Just Go With It aims to replicate the success Adam Sandler had with 50 First Dates, his last Valentine's Day weekend release back in 2004. The idea is to appeal to Sandler's base but score with women as well with a romantic comedy premise and popular actress in tow (Jennifer Aniston in this case). In fact, both movies are set in Hawaii and have posters featuring their stars sitting side-by-side on a beach. 50 First Dates drew $39.9 million its first weekend or the equivalent of over $51 million adjusted for ticket price inflation, and Sandler has been remarkably consistent with his straight lowbrow comedies.
Both Sandler and Aniston appeared on the Super Bowl pre-game show, and, shortly before kick-off, Just Go With It had an ad targeting the stereotypical football fan: it was like a Sports Illustrated swimsuit issue and featured an "instant replay" of the blonde (Brooklyn Decker) emerging from the ocean, a blast of Sandler slapstick and the tagline "Tell your girlfriend it's a romantic comedy." The rest of the ads conveyed the movie's premise of Sandler pretending to be married to Aniston in order to score with Decker, though the money shot has lately been Sandler taking it in the groin on a rickety bridge.
Justin Bieber has the opportunity to live up to the hype and cement his purported phenomenon status with his life story/3D concert movie, Justin Bieber: Never Say Never. Bieber's fan base of young girls may be inherently limited but the hope is that they're devoted and sufficient enough for Bieber to be more Hannah Montana ($31.1 million opening) than Jonas Brothers ($12.5 million opening). Bieber's hitting far more screens than either of those past February releases, and the launch will include 2,516 venues showing the movie in 3D. Bieber has had an omnipresent promotional tour, and the movie had a post-Super Bowl ad run during Glee. The marketing has focused more on the inspirational story of how Bieber became a sensation over the concert element. Even if Bieber were to come in second place for the weekend as a whole, it would not be surprising if it's No. 1 on Friday.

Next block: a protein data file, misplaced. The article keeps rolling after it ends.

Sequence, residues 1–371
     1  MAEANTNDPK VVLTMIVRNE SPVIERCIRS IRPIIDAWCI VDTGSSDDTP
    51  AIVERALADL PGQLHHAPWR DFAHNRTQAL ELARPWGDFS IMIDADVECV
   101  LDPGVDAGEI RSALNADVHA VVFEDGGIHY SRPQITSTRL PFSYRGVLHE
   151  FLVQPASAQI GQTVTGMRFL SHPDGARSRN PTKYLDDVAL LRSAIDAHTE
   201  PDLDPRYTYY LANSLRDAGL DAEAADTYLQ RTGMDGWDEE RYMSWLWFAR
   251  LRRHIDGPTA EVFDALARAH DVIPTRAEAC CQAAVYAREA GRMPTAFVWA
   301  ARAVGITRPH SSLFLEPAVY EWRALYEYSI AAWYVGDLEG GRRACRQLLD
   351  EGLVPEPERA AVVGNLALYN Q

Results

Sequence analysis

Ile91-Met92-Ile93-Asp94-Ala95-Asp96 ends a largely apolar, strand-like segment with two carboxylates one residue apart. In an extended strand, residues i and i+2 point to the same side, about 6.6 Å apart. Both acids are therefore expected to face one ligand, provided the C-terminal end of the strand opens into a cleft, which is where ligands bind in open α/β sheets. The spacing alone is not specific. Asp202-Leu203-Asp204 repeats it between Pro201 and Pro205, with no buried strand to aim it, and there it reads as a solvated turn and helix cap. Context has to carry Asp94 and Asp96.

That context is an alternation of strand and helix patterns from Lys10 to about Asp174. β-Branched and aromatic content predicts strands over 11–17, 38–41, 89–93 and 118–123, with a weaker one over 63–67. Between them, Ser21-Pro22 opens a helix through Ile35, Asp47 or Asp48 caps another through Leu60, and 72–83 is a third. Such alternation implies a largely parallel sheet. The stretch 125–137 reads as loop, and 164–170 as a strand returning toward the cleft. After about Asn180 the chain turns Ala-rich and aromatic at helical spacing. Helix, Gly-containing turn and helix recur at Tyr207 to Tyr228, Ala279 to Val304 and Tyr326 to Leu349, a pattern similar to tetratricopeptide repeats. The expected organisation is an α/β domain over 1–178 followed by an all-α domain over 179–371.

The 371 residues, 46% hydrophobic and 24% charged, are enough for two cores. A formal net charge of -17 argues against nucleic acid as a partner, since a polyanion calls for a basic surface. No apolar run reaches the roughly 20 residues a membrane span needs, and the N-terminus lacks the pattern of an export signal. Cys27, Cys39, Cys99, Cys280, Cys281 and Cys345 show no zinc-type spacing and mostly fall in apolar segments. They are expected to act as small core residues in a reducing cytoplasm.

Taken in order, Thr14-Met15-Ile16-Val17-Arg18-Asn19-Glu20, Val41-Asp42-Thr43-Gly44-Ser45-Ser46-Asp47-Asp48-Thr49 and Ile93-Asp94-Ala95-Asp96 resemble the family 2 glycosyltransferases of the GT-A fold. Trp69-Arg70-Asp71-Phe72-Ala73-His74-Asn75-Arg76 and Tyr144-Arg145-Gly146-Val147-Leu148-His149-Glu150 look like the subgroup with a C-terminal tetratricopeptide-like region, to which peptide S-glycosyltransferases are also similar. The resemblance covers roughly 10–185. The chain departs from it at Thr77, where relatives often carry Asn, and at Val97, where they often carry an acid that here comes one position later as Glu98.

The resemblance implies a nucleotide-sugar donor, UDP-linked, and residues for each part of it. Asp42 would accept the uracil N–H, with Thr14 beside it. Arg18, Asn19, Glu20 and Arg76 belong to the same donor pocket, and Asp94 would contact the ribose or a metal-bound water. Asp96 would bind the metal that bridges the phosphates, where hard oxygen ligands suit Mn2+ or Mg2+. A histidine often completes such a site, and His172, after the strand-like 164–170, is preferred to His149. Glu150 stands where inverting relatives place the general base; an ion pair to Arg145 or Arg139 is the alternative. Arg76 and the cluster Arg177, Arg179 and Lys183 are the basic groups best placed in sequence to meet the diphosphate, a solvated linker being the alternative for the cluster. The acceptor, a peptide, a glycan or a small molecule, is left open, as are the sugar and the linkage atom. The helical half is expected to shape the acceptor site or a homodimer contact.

Gnomeo and Juliet marks the first family movie since Christmas, and it's the only movie of the weekend to sit out the Super Bowl festivities, though its ads have otherwise been in heavy rotation. It looks like Toy Story-light in its marketing with its premise of the secret lives of garden gnomes and comical riff on Shakespeare, but it comes off as too cloyingly one-note to reasonably expect animated 3D event-style grosses.
The Eagle brings up the rear, though it had two spots during the Super Bowl pre-game show. Period action has been the order of the day for this movie's marketing campaign, which had the burden of explaining the movie's title (it was originally called The Eagle of the Ninth, but the latter part was cut presumably to keep people from thinking of golf). Some ads had a strange horror angle in the vein of The 13th Warrior and Pathfinder, and that's not good company to be in. Eagle's murky Britain setting effectively makes it look like a Medieval movie, which is an unpopular sub-genre.
The Eagle logged a 7.4 percent opening weekend vote, which was worse than Season of the Witch and Pathfinder. Gnomeo and Juliet was relatively better, given its genre, notching a 6.3 percent opening weekend score. That was much better than Alpha and Omega and higher than Cats & Dogs: The Revenge of Kitty Galore. Readers naturally showed the least amount of interest in Justin Bieber: Never Say Never. Its 3.4 percent opening weekend score placed it in the same range as Jonas Brothers but lower than Hannah Montana.